#268: The Case of the
Original Airdate: 04/24/66
From The Perry Mason TV Show Book (Revised)
Former beauty queen Mary Ann Mobley plays Sharon Carmody, a model trying to become the new representative for White Snow soap. Trouble is, the job calls for Sharon to be as pure as the product she’ll be pushing, and unfortunately, her past is getting in her way. She’s being blackmailed. Then her boyfriend, ex-boxer Duke Maronek, fights with her adversary, and when it is over, the adversary is dead, and it looks like smooth sailing for her. But Duke confesses to Perry, and when the police arrest someone else for the crime, Perry is torn between two unpleasant options. Ethics prevent him from revealing his client’s confession, but he can't let an innocent man be convicted.
Starring Raymond Burr
in The Case of THE MISGUIDED MODEL
Based upon characters created by Erle Stanley Gardner
Barbara Hale, William Hopper, William Talman
Directed by Jerry Hopper
Written by Orville H. Hampton and Ernest Frankel
Arthur Marks \ Art Seid | Producers
Gail Patrick Jackson | Executive Producer
Ernest Frankel | Story Consultant
Orville H. Hampton | Associate Story Consultant
Raymond Burr as Perry Mason
Barbara Hale as Della Street
William Hopper as Paul Drake
William Talman as Hamilton Burger
Richard Anderson as Lt. Steve Drumm
Music | Richard Shores
Mary Ann Mobley as Sharon Carmody
Paul Lukather as Dennis ‘Duke’ Maronek
Anthony Eisley as Rudy Blair
Rita Lynn as Fern Bronwyn
Don Dubbins as Deputy D.A. Vincent
James Griffith as Jake Stearns
Harry Holcombe as Judge
Armand Harrison as Ira Dewitt
Sarah Selby as Woman Clerk
Isabel Randolph as Madam Rosa Bruening
Lauren Gilbert as Dave Bronwyn
Eddie Quillan as Agent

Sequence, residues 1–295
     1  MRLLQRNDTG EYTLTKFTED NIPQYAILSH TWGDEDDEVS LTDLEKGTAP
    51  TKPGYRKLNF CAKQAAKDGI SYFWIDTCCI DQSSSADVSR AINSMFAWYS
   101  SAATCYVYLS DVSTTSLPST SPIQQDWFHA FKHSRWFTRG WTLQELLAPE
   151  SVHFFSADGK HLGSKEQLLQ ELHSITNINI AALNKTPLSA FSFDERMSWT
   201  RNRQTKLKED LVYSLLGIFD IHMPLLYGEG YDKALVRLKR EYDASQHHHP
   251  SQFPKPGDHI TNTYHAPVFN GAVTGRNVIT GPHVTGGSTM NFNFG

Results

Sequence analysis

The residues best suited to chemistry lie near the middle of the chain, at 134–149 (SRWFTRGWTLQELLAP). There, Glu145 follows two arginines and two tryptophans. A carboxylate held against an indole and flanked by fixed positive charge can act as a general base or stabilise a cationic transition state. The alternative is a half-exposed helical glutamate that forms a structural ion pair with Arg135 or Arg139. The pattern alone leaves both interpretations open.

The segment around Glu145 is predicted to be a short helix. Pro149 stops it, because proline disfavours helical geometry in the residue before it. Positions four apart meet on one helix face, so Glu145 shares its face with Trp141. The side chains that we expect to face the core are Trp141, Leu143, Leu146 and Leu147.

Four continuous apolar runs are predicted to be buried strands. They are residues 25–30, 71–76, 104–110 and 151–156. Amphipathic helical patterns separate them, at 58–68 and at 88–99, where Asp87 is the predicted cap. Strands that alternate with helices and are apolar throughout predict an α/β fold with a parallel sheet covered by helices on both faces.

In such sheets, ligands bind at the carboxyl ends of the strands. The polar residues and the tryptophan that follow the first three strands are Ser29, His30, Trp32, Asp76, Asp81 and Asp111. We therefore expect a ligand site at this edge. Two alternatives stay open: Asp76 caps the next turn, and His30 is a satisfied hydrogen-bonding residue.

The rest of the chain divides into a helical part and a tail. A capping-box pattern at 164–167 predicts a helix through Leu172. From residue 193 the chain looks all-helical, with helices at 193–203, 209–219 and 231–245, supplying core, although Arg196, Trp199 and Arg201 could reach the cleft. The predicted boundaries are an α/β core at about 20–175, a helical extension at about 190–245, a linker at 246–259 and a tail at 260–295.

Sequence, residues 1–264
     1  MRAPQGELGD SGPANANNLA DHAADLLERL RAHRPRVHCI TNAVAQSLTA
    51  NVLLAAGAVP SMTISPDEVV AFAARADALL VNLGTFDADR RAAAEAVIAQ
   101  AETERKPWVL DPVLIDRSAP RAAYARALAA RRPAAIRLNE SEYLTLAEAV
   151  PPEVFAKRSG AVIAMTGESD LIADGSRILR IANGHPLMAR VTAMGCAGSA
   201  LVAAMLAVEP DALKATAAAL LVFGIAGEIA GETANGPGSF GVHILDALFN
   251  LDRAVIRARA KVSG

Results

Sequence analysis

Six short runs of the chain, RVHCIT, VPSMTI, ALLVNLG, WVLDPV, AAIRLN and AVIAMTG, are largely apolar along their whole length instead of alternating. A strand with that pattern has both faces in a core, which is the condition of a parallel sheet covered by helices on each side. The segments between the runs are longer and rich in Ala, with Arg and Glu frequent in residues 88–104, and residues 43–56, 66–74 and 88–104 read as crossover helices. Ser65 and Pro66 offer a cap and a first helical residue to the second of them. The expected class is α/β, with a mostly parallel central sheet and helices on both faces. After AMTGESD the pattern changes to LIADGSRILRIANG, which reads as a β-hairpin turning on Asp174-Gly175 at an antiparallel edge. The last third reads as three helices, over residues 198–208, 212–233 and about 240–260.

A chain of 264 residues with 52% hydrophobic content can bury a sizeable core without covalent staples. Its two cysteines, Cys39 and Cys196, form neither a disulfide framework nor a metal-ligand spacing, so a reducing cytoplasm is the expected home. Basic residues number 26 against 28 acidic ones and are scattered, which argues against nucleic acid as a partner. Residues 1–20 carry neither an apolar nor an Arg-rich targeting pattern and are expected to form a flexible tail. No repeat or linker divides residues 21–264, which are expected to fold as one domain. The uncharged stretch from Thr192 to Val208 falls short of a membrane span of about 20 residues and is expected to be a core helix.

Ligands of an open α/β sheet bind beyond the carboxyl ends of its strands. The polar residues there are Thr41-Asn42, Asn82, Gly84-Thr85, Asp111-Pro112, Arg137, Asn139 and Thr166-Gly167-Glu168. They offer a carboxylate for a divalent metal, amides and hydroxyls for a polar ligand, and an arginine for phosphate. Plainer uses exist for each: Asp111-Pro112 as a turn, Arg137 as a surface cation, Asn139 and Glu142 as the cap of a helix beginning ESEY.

Lisa Davis as Receptionist
Lee Miller as Sgt. Brice
Darlene Enlow as White Snow #1
Robert Legionaire as Road Block Officer
Jim Johnson as Policeman #2
Howard Davis as Policeman #1
Director of Photography … John M. Nickolaus, Jr.
Art Direction … Lewis Creber
Assistant Director … Robert G. Stone
Film Editor … George Hively
Casting … Harvey Clermont
Makeup … Irving Pringle
Hair Stylist … Annabell
Wardrobe Supervision … Bob Wolfe, Evelyn Carruth
Set Decoration … Carl Biddiscombe
Properties … Ray Thompson
Production Sound Mixer … Herman Lewis
Script Supervision … Marshall Schlom
Theme Composed by … Fred Steiner
Automobiles supplied by … Ford Motor Company
Produced by the CBS Television Network in association with Paisano Productions
Mary Ann Mobley was Miss America 1959. Submitted by Jim Kramer, July 09, 2008.
+ Mary Ann Mobley appeared in both Perry Mason and The New Adventures of Perry Mason (Episode #5, “TCOT Telltale Trunk”). There were only 15 episodes of The New Perry Mason, so it was quite rare for a performer to appear in both. Submitted by PaulDrake 33, 4 October 2009.
Isabel Randolph makes her last of 3 appearances on Perry here playing Madam Rosa Bruening. Not only would it be her last appearance on Perry, it was her final screen credit in a busy 25 year career. Mrs. Randolph is known for playing snooty society matrons, and was quite famous in the 40's for playing Mrs. Uppington on the highly popular Fibber McGee and Molly radio show. Submitted by PaulDrake 33, 15 June 2013.
Location: About 27 minutes into the episode, Perry walks from his car into the Stanley Mosk Courthouse in downtown Los Angeles. This exact clip of him along side his car has been used in multiple episodes. There is also a clip in which he closes the car door. Submitted by Eric Cooper, 13 October 2010.
+ That the shot of him entering the courthouse is a stock clip is obvious: en route to the courtroom, Perry loses his pocket square, briefcase, and gets a haircut! DOD 4/10/18
Location #2: At about 4 minutes in, the night street scene location with the Chinese or Japanese neon signs and the Fuji film sign makes its third appearance (at least). It was first used in a story that featured Asian actors (sorry, i cannot recall the episode name); it also appeared within the last coupe of episodes. Submitted by catyron, August 16th, 2018